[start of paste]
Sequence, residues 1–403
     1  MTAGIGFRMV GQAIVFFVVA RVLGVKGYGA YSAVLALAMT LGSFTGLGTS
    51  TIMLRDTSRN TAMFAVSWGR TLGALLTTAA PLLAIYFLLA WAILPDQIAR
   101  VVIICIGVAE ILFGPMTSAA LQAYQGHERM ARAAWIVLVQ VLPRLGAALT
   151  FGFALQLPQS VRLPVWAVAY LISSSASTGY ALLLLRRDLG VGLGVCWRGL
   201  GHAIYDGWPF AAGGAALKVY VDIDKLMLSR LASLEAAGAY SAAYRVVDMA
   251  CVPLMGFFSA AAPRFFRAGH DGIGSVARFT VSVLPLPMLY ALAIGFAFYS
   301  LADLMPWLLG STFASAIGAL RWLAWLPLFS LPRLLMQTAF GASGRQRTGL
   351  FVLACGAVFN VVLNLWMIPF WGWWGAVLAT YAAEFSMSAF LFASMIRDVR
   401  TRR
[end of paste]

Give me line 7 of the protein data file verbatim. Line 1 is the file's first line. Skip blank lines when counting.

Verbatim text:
   251  CVPLMGFFSA AAPRFFRAGH DGIGSVARFT VSVLPLPMLY ALAIGFAFYS